The Who’s Who of Cyber Threat Intelligence

Blog Date:  2/26/2017
Author:  Ray Coulombe

What was once reserved for the most top-secret conservations is now available to a larger group of people. Cyber threat intelligence is a strategic and operational procedure to fuel many processes and risk management decisions. It also needs to fit your audience because cyber threat intelligence means different things to different people within your company.

Here’s our breakdown of what this means:

Threat intel is presented through Indicators of Compromise (IoCs) or threat feeds. This requires organizations to understand themselves and the adversary in order to make sense of information. If the company doesn’t understand its assets, personnel, administration, and infrastructure, how can it know where there might be opportunity for attacks?

Threat intelligence is analyzed information about the intent, opportunity, and capability of malicious actors. The information has to go through the intelligence lifecycle: plan, collect, process, produce, and disseminate information. Taking this data and applying it to helping identify major threats is how to start looking at this intelligence.

This makes the planning phase vital: If an organization is receiving threat intelligence but doesn’t know how to identify what information is applicable, the intel is useless. The ability to produce or consume threat intelligence tailored to your organization can provide actionable strategic choices to greatly impact security.

So who has a role in cyber intelligence throughout your company? Here are some key roles within the organization that should use cyber threat intelligence.

Cyber Threat Intelligence (CTI) adds value to your incident response process. Proactively, CTI helps defenders plan for possible security breaches. Defenders can ensure they have the right plan to put into action if necessary, when provided the right information. From a reactionary perspective, defenders have to research and understand what happened after a breach occurs. How did the attack happen? What was exploited? What paths are at stake? With CTI, defenders can answer these questions.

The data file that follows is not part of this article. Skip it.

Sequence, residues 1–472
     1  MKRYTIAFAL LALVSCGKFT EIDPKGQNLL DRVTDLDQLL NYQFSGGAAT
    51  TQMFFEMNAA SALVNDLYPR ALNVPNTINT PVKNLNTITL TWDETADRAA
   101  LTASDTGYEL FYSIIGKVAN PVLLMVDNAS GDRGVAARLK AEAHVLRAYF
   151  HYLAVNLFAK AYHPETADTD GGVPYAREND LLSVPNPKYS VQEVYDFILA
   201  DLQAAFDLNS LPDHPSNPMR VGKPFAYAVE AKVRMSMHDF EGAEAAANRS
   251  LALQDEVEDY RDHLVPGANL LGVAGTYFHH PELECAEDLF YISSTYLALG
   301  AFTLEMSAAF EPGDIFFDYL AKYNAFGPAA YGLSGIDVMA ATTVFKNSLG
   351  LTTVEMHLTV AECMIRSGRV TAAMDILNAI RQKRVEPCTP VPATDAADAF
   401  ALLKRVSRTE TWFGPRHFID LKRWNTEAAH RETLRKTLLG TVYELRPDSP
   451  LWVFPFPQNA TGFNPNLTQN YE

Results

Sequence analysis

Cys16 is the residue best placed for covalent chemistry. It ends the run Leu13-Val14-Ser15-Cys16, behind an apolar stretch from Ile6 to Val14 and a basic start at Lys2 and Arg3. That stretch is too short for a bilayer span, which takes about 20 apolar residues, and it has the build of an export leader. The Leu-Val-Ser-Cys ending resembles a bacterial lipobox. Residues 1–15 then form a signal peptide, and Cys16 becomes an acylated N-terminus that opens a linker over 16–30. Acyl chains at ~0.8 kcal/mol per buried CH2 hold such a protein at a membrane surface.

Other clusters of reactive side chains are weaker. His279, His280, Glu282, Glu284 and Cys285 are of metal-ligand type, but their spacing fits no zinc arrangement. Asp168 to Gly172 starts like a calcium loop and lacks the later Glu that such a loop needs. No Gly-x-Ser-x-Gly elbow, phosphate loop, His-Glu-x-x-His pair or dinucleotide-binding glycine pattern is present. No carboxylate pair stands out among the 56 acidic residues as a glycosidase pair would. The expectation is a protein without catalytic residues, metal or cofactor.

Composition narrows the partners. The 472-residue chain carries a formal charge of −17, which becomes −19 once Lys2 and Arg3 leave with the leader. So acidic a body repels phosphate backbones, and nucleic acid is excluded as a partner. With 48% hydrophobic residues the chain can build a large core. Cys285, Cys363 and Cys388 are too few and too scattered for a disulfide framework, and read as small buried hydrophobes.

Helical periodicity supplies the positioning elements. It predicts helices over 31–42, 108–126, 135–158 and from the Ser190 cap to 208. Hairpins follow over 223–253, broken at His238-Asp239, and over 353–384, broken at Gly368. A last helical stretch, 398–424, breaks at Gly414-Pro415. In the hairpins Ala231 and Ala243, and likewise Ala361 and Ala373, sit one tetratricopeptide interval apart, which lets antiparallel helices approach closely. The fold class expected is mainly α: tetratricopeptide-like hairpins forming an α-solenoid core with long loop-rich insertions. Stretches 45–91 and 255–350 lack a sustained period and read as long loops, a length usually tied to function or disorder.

Vulnerability Management Teams
Threat intelligence can provide insights into what controls mitigate a specific vulnerability. They also help you to understand if you’re applying the right resources to the right controls. Applying finished threat intelligence to daily cyber security processes improves decision-making and focus when it comes to vulnerability remediation.

Threat Analysts
The best threat analysts always have intel and security expertise. Strategic threat intel provides the big picture in terms of trends to focus on based on how others are being impacted by specific threats. Operational intel provides high-level analysis and understanding. What path did an adversary use to gain access? Are we well positioned from a cyber security perspective? Why or why not?

Executives and BoD’s
Business executives generally do not understand the details of cyber security; they care about managing risk to their organization. Strategic threat intelligence can help them understand the risk generated by a defined threat: What’s the impact? What resources are needed to reduce risk to an acceptable level? Ultimately strategic and operational threat intelligence should be used by many different roles in your organization to make more informed decisions around risk management, threat prevention and incident response. It’s about all team members making sound decisions at every level in the process to avoid threats.


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